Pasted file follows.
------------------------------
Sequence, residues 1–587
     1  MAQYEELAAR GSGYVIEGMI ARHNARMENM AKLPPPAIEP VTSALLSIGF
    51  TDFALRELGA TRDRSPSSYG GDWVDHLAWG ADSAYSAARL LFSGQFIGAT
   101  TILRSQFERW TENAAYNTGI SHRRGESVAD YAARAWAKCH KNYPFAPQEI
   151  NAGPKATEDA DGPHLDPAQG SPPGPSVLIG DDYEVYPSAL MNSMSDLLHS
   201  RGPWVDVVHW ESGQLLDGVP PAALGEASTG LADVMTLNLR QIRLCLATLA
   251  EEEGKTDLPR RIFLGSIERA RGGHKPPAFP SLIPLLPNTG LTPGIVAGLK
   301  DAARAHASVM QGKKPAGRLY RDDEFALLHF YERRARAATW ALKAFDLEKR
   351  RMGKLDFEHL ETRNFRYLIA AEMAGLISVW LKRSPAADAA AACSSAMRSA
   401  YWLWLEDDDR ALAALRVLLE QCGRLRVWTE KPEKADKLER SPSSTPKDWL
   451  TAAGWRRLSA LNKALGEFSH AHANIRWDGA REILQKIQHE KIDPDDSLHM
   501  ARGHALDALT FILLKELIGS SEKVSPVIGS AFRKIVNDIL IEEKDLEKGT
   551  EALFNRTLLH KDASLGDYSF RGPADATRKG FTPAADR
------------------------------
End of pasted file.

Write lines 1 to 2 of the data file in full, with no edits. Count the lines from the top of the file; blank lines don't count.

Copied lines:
Sequence, residues 1–587
     1  MAQYEELAAR GSGYVIEGMI ARHNARMENM AKLPPPAIEP VTSALLSIGF